Arts & Entertainment: Sunday, September 23, 2001

“All Families are Psychotic” by Douglas Coupland

By Mark Lindquist
Special to The Seattle Times

Douglas Coupland has been quoted as saying that fame is the key to success, a belief he adopted from boyhood hero Andy Warhol.

“Generation X,” Coupland’s first novel, made him semifamous in 1991. Since then he has hammered out a book a year and craftily kept himself in the press on a nearly constant basis. A Vancouver, B.C., resident, Coupland is a cultural commentator making a living as a novelist.

“All Families are Psychotic” feels like it was lashed together with the same control and forethought as a Jerry Springer show, though there are hints of purpose behind the chaos. One of the many ironies of this novel is that Coupland’s fiction is becoming as random and absurd as the “McJob” culture he satirizes.

The psychotic family Coupland focuses on, the Drummonds, consists of five exceptionally dysfunctional people. Janet, the matriarch, is a 64-year-old housewife who contracted HIV when her ex-husband Ted shot her HIV-positive son, Wade, and the tainted bullet lodged in her chest after passing through her son. Janet and Ted have two other children, Bryan, a suicidal musician married to an anarchist named Shw, and Sarah, an astronaut who was born without a hand because Janet took Thalidomide for morning sickness.

They all gather for a reunion of sorts in Orlando, Fla., to see Sarah off on a NASA shuttle mission. The story and characters are developed in a haphazard series of flashbacks, snapshots and stray thoughts. A letter taken from Princess Diana’s coffin strings along the main plot line — Wade and his wife intend to sell this letter to a European pharmaceutical billionaire so they can finance an experimental fertilization process that filters HIV out of semen.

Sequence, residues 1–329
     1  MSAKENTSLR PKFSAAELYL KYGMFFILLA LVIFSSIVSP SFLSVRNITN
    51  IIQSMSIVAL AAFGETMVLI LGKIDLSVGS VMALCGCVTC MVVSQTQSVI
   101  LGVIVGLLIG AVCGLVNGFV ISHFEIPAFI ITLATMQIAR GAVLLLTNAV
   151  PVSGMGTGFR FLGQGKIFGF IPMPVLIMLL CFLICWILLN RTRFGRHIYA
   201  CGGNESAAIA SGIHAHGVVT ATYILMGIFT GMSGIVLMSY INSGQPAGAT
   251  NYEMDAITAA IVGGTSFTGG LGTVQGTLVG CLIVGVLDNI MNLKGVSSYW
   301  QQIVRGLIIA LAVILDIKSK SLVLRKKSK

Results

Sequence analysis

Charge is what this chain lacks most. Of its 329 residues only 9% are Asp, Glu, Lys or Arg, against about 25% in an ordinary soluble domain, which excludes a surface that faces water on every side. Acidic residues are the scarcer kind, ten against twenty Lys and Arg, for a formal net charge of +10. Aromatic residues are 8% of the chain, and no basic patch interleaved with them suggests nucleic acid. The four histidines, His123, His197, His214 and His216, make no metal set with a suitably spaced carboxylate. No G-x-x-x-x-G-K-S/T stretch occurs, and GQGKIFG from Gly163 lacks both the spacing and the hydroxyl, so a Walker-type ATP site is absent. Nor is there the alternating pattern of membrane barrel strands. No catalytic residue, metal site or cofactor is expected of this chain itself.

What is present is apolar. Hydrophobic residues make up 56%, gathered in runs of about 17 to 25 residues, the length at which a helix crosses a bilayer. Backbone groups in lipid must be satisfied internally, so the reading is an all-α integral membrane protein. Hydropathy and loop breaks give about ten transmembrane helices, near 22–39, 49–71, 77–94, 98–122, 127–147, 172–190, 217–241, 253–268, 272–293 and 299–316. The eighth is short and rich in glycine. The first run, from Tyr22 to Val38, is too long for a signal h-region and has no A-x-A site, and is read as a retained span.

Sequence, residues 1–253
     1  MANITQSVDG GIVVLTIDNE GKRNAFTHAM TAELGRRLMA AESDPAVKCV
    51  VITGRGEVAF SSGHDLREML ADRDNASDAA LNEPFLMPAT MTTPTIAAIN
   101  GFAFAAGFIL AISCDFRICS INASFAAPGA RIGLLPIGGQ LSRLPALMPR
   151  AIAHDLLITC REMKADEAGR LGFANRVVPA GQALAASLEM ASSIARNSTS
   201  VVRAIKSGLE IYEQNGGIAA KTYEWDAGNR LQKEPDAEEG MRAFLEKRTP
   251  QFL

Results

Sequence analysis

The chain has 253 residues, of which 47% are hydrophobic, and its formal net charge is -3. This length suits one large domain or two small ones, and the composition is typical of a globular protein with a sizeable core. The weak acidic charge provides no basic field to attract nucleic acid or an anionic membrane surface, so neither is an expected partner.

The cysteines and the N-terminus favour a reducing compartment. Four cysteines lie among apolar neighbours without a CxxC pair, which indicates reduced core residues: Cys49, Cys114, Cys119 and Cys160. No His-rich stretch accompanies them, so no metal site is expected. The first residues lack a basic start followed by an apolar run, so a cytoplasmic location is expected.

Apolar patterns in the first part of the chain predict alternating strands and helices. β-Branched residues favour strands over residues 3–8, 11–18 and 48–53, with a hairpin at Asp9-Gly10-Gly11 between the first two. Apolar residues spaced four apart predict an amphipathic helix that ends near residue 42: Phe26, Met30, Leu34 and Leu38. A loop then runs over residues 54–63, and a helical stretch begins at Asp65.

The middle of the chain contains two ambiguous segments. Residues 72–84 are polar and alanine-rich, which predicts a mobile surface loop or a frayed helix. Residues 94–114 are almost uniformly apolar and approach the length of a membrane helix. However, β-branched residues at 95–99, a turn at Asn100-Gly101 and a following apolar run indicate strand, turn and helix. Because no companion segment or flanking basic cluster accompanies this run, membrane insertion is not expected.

Along the way, there are lots of robberies and shootings and kidnappings and other B-movie antics. All of it strains credulity, and none of it really matters.

Plot and character development have never been Coupland’s strong suits, but he still has thousands of loyal readers. The things he does best — social observation and commentary — are in fine form here, and there are plenty of pop-culture Couplandisms.

All the characters have moments where they drift off on tangents. Janet, during a robbery, muses, “Our lives are geared mainly to deflect the darts thrown at us by the laws of probability. One person in six million will be struck by lightning. Fifteen people in a hundred will experience clinical depression. One woman in sixteen will experience breast cancer. One child in 30,000 will experience a serious limb deformity. One American in five will be victim of a violent crime. A day in which nothing happens is a miracle, a day in which all the things that could have gone wrong didn’t. The dull day is a triumph of the human spirit, and boredom is a luxury unprecedented in the history of our species.”

Such are the riffs that hold this collage of a book together, along with the periodic epiphany. Though “All Families are Psychotic” is a farce, it is not a farce of the sort written by Molière et al., but rather a purely contemporary blend of Jerry Springer, Jerry Seinfeld and tabloid headlines.

Coupland is quite clever, and he can write with impressive precision, but he is obviously no longer interested in novels per se. He has found his niche as a semifamous cultural pundit who writes novel-like books. And, fortunately, he does this well.

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Mark Lindquist